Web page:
Michigan Could Legalize Online Poker Within a Week
It could be an early Christmas for online poker players in Michigan as industry experts predict that the Great Lakes State is likely to pass a comprehensive online gaming bill within the next week that will legalize regulated online poker, casino games, and sports wagering.
Michigan would become the sixth state to legalize online poker if the bill does indeed become law. Currently regulated online poker is allowed in Nevada, Delaware, New Jersey, and Pennsylvania, with West Virginia having also passed a law earlier this year.
One might think it's déjà vu all over again in Michigan as last year the state appeared on the cusp of passing a bill into law after a similar bill made it through both the state's House of Representative and Senate. However, former Governor Rick Snyder chose to veto the bill as one of his last acts to end his term to end last year before the current Governor Gretchen Whitmer took office.
The Michigan State House of Representatives had passed a bill in October, but action stalled in the Senate for more than a month in the Senate as key issues including tax rates were debated by key parties involved in the bill.
The Senate is now expected to pass a bill this week. According to Online Poker Report, both houses, Governor Whitmer, Michigan's 23 tribal casinos, and the state's three commercial casinos are all on board with the bill.
Senator Curtis Hertel Jr. who was involved in negotiations concerning the bill stated he had been pleased with the progress he and his fellow lawmakers were able to make.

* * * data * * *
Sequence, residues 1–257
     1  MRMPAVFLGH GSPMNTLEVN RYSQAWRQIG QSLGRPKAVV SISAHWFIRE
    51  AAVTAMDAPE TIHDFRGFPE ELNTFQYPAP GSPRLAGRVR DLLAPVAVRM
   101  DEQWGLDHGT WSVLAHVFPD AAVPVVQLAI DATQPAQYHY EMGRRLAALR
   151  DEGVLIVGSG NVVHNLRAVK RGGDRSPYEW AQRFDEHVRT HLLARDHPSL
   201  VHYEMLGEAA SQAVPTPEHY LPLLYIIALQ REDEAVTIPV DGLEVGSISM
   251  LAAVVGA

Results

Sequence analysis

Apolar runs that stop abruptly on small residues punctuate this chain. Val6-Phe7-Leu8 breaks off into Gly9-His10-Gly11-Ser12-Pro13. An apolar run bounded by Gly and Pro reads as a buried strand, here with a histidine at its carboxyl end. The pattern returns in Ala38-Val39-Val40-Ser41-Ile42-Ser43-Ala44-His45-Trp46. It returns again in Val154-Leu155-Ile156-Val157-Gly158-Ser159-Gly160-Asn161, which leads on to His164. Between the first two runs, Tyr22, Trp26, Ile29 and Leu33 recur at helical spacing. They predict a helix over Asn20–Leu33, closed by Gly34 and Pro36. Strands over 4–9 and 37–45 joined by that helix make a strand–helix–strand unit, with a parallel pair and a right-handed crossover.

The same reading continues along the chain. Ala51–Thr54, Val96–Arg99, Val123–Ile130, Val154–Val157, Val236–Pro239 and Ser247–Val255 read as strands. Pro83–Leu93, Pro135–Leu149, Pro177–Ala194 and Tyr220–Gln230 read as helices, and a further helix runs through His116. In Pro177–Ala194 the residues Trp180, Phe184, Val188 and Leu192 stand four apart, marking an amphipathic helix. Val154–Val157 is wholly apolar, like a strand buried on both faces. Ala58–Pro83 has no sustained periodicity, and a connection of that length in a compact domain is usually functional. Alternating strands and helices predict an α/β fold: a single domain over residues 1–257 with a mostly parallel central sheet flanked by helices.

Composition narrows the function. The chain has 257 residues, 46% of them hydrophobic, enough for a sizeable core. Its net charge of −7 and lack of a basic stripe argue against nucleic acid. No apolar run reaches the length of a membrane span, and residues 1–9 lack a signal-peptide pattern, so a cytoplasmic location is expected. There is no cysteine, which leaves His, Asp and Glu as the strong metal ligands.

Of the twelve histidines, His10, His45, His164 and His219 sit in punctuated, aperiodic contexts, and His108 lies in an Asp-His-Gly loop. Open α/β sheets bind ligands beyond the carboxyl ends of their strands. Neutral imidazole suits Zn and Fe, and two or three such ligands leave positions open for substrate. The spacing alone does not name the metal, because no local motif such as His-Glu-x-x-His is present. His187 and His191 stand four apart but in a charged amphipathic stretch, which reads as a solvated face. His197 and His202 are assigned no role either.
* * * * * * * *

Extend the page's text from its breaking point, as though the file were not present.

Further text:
"This was a very difficult process," Hertel said according to Online Poker Report, "so I'm really happy to be able to get it this far and excited for the voting the next two days."
Once the bill is passed by both houses, it will be presented to Governor Whitmer for her signature. While it is possible the online gaming bill could meet the same fate as last year, interested parties appear to be much more optimistic that the bill will pass this time around.
"The governor is pleased with the progress made on gaming over the course of this year, particularly once Sen. Hertel and Rep. Warren were able to engage and resolve key issues to get this package across the finish line," said Governor Whitmer's spokesperson Tiffany Brown. "This is a good, bipartisan solution made possible by working together on a complex issue, and the governor looks forward to closely reviewing this package once it hits her desk."
Taxes and Licensing
The bill will call for each casino to foot a $50,000 payment up front when applying for a license. If approved the license will cost $100,000 for the first year and $50,000 for each additional year. Suppliers will be subject to a $5,000 initial licensing fee with a $2,500 bill every subsequent year.
This is just the beginning as the bill calls for a tiered tax structure with rates ranging from 20-28% of revenue for online poker and casino games.
- 20% on revenue less than $4 million
- 22% on revenue from $4-8 million
- 24% on revenue from $8-10 million
- 26% on revenue from $10-12 million
- 28% on revenue of $12 million+
While these rates are higher than what the bill introduced in October originally called for, they are about half of the 54% tax-rate Pennsylvania levies.
The tax rate is much lower at 8.4% for online sports wagering and daily fantasy sports. The three commercial casinos would also have an additional 1.25% municipal tax.
While online operators will not be able to deduct free-play and promotions in their entirety, they will be able to deduct some with a 10% deduction allowed during the first three years and a 6% deduction allowed in the fourth year. After this period, no further deductions will be permitted.
Time will tell whether Michigan will end the year as the sixth state to approved regulated online poker. Stay tuned to PokerNews for further updates.